Farm bill worries livestock producers

US - It used to be that farmers only watched the debates over a farm bill to see how much money they would get out of it.
calendar icon 12 February 2007
clock icon 2 minute read
This year, some producers have reason to watch a little nervously. Flush with cash, animal-welfare groups will be pushing to use this year's farm bill to stop practices they consider inhumane.

Among the measures Congress is likely to take up:

  • A requirement that the federal government, including the school lunch program, buy meat or dairy products from producers that meet certain animal-welfare standards, including adequate space in barns for hogs and poultry. Pork from producers who keep their sows in crates, the common practice in the industry, could no longer be sold to the government.

  • A permanent ban on slaughtering "downer" cattle or hogs - animals that are lame or ill.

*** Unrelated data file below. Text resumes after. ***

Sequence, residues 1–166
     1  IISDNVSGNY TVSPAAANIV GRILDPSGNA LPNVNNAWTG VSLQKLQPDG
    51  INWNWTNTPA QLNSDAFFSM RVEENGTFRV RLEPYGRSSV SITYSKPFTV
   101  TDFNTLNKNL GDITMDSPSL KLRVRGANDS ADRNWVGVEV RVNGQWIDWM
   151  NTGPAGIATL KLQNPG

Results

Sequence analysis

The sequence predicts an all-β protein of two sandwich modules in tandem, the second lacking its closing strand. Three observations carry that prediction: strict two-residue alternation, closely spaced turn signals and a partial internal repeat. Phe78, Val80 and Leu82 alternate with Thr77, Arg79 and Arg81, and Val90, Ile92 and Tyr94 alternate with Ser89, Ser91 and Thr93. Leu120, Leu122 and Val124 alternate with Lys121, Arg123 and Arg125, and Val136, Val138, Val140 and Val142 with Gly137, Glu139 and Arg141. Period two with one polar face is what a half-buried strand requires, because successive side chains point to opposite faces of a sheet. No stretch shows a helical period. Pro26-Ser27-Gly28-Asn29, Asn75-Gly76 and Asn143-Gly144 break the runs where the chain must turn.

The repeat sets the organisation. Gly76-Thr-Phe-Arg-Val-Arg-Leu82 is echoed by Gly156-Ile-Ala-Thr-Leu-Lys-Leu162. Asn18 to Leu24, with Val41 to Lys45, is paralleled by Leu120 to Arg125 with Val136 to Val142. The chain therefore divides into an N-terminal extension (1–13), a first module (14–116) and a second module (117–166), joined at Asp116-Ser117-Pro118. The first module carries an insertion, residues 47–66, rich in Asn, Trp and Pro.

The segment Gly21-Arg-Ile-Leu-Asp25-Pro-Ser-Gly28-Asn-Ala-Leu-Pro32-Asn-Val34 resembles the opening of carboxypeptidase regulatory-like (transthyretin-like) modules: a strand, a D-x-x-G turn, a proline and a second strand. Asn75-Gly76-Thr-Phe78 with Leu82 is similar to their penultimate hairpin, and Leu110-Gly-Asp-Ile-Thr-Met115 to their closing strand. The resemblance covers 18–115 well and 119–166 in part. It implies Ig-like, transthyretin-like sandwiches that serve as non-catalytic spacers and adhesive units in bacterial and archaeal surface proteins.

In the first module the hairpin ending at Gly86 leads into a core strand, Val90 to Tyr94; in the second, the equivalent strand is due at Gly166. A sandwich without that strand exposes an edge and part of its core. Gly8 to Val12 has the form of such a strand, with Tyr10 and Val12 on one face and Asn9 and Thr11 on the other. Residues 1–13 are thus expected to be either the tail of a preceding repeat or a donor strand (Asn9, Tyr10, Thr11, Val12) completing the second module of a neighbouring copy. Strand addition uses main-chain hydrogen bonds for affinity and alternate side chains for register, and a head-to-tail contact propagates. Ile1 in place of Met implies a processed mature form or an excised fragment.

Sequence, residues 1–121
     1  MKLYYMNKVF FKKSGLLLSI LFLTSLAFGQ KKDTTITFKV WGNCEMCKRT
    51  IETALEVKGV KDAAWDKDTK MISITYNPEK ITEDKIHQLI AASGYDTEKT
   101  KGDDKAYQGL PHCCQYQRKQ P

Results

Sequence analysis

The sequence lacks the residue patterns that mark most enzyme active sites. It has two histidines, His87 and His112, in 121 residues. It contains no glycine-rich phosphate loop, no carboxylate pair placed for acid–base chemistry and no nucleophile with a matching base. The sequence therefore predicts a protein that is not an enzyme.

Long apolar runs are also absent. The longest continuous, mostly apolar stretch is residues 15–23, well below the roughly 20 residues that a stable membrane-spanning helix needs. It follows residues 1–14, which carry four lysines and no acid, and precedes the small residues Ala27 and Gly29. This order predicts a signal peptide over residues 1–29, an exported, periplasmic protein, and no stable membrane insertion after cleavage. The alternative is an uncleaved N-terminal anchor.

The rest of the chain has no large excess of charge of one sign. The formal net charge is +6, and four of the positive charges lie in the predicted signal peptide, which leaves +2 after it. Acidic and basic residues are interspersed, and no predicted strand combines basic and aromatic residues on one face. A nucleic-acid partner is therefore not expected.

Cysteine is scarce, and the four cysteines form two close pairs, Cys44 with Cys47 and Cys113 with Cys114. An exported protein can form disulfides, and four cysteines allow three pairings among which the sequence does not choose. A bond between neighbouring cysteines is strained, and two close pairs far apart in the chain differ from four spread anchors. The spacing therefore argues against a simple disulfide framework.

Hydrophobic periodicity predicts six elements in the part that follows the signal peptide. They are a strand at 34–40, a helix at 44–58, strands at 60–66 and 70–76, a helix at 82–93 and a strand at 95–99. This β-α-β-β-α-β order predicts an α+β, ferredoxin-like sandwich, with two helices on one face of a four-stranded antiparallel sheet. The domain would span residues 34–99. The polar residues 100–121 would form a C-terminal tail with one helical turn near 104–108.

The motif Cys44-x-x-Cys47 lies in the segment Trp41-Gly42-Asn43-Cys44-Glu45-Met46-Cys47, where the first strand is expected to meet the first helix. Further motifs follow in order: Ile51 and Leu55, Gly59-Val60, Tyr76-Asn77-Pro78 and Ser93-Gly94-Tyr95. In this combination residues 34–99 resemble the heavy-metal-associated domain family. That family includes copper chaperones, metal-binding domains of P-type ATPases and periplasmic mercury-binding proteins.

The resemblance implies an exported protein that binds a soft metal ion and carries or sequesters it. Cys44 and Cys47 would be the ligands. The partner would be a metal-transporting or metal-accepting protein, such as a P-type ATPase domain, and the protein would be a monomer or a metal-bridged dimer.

• A requirement that the U.S. Agriculture Department set standards for the humane slaughter of chickens and turkeys. Rules already in place set slaughter standards for cattle and hogs.

"We need to see the farm bill not just as a producer bill but as a producer bill and a consumer bill," said Wayne Pacelle, president of the Humane Society of the United States. "This is important to the public. The public cares about the humane treatment of animals."

A lot has happened since the last farm bill was written in 2002.

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